Late season dove hunting tips
Desert water holes can often offer spectacular evening shooting during the late season, and a great way to combine dove and quail on a hunt. A few scouting trips can help locate great hunting spots.
Roosting sites often make for good shooting. Doves will typically pick densely vegetated areas for roosts. Mesquite bosques, tamarisk (salt cedar) thickets, and citrus groves are typical roosting sites. Doves establish flight patterns and follow them.
Watch tree lines, washes, canals, field corners, or other structural features that birds may follow. Late season doves frequently shift their flight patterns and feeding areas, so the more spots you have lined up the better your chances are for consistent good hunting.
If hunting private property, be sure to ask the landowner for permission. Also, pick up all spent shells and shell boxes. Wait to clean your birds until you reach home. This way, unsightly messes and trash will not be left on landowner's property and help insure your privilege of hunting on private lands. These considerations apply to hunting on public property as well.
The thing that makes late season dove hunting so desirable, besides the great weather and afternoon shooting hours, is the chance at a mixed bag harvest. Quail and rabbit season are open and these desert dwellers are typically encountered in the same areas as dove. Water tanks, washes, and scrub desert offer a small game hunting bonanza. Each species are excellent table fare alone or combined together in a hearty soup or gumbo perfect for the cool fall weather.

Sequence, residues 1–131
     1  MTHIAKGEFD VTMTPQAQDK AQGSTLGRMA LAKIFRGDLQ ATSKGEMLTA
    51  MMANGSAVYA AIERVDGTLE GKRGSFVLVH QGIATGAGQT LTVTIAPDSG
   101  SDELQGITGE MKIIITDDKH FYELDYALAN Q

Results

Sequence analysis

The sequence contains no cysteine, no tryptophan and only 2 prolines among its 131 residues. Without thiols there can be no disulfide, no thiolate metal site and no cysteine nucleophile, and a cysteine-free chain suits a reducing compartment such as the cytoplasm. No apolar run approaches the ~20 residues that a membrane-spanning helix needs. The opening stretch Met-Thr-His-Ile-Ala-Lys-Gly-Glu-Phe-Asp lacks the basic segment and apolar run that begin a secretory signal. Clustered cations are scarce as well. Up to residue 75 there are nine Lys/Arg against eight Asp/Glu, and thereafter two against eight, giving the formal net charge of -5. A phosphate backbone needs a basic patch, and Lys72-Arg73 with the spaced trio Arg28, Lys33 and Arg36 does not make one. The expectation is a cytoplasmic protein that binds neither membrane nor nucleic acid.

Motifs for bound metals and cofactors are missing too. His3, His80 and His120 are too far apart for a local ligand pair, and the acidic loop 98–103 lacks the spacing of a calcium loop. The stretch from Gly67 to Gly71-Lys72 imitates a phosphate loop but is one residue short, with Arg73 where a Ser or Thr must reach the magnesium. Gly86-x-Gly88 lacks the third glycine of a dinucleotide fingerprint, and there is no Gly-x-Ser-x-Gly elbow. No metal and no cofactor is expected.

Pre-scout: Take a drive out to the areas you are considering to hunt around the same time you plan on hunting them. Check water holes for water, activity, and roosting birds. Go online and check for areas that are open to hunting and use topographical software for finding water holes and drainages.
Be on time: Evening flights do not last long. Birds get up from where they are feeding and head to roosting cover just before sunset. Getting to your spot late can mean missing the bulk of what might only be a 30-45 minute shoot. You should be in the field ready for birds no later than 4 p.m. Sunset during the winter is right around 5:15 p.m.
Take cover: Keep your silhouette broken up with a bush, tree, or other natural object to keep hunter-wary doves from climbing as high as commercial airliners or veering completely off course from your shooting position.
Pick your shots: Some evening flights can have waves of 15, 20, 30 or more doves at once. These birds are typically climbing and moving fast. Pick your shot one bird at a time to put more birds in the bag.
Hit and move: When you hit a bird, hold off on shooting, and move to the fall of the last bird for the retrieve. Then, find cover or crouch down, and repeat. The dark comes quickly and you want to have every bird in the bag while you can still see and find them.
Youth-Only Dove Hunt: Robbins Butte Wildlife Area